I liked this book right up until the end, when it veered off into preachy territory. The novel also spends far too long with the main character wandering around Baku as a teenager; she then drifts back to the US and falls into working in the energy industry as a temp, working her way up the ranks with the aid of a magical young male mentor who wants nothing from her but to help her succeed. I like the idea of discussing how even rank and file workers in problematic industries wrestle with their work, but the main character just seems really passive and unconcerned. It did make me want to visit Baku, though.
Thank you NetGalley and Zando/Crooked Media Books for an ARC in exchange for an honest review!
Mobility is a sort of Bildungsroman following Elizabeth Glenn—who goes by Bunny—as she spends a year in Azerbaijan, and then as she navigates adulthood (if you're wondering: this novel spans the 1990s to 2050). She is the daughter of a foreign service worker, she longs for Athens, she navigates a tricky adulthood that is marred by the recession of 2008 and a vague lack of ambition that seems to haunt her.
I didn't really know what to expect from this at first—it was a little challenging for me to get into at first, if only because teenage Bunny's concerns were so far from my own concerns at 15, but it ultimately picked up for me. There was something familiar about seeing Bunny stumble around her early twenties—though our ages differ by 14 years, I thought Kiesling did a good job at capturing the tumultuous nature of feeling kind of lost, especially when people around you are making moves. Where this book really shines is its interiority; Bunny can be a frustrating character to follow, in part because she rarely feels a tug of ambition and tends to skew towards a very specific brand of feminism. I think it's still a fascinating portrait of her mental landscape, and it's interesting to see how her experiences and the people she meets change her for better and for worse. It's an odd little novel in that it meanders quite a bit and things mostly happen to Bunny instead of Bunny driving the action and yet it remains interesting. Bunny is feckless and adrift, and yet she still manages to climb her way through the oil industry. Mobility reads fairly quickly, but sitting with the text for a little does help the story shine. There's a lot to chew on here, especially about capitalism and complicity and how the contexts of our lives play into our personal politics.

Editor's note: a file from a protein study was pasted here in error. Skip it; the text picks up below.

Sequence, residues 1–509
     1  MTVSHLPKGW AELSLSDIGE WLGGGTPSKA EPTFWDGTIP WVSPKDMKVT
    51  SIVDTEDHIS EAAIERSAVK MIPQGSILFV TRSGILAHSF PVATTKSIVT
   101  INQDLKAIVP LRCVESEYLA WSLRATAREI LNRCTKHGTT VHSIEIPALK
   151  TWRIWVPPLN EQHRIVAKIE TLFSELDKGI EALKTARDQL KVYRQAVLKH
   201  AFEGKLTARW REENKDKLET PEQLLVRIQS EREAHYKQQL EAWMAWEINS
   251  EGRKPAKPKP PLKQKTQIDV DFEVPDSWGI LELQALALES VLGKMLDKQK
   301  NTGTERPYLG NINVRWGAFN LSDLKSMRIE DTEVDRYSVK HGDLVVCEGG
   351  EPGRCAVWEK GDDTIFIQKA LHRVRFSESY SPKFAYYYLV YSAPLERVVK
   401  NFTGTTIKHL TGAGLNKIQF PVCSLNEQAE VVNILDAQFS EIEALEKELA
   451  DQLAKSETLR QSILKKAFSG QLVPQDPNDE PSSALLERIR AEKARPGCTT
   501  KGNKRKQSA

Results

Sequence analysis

A stunningly written coming-of-age story set against a geopolitical backdrop of the energy and oil industry. As we follow Bunny from her teen years into adulthood we see her navigate the internal conflict of her desire for personal comfort against the ethics of what she knows to be right in a capitalist world. She is afraid of climate change... but she also wants to make a decent living.
I read about 40 pages slowly and then devoured this one - Bunny hit exactly right and I loved the story of her finding her way in life. I want to go to Greece. I got a little interested in petrochemicals. My favorite book by Ms. Kiesling thus far.
I love novels in which the author includes details that indicate that she really "gets" the character in her moment in time. The story was not at all ABOUT hair removal, but marking the passage of time with references TO different methods of bikini line maintenance was an incredible way of marking time and helped me relate to the character, even when our values or worldviews strayed from each other. The novel is a journey through time, from Bunny's teen years abroad in the 90's to the US in the 2050's. Bunny was infinitely human, imperfect but loveable and likable. I cared what happened to her. I keep thinking about the book, refelcting on Kiesling's ability to situate social comentary on the scaffolding of the life of a very specific girl growing up and growing older with very specific, but generationaly recognizable experiences over time.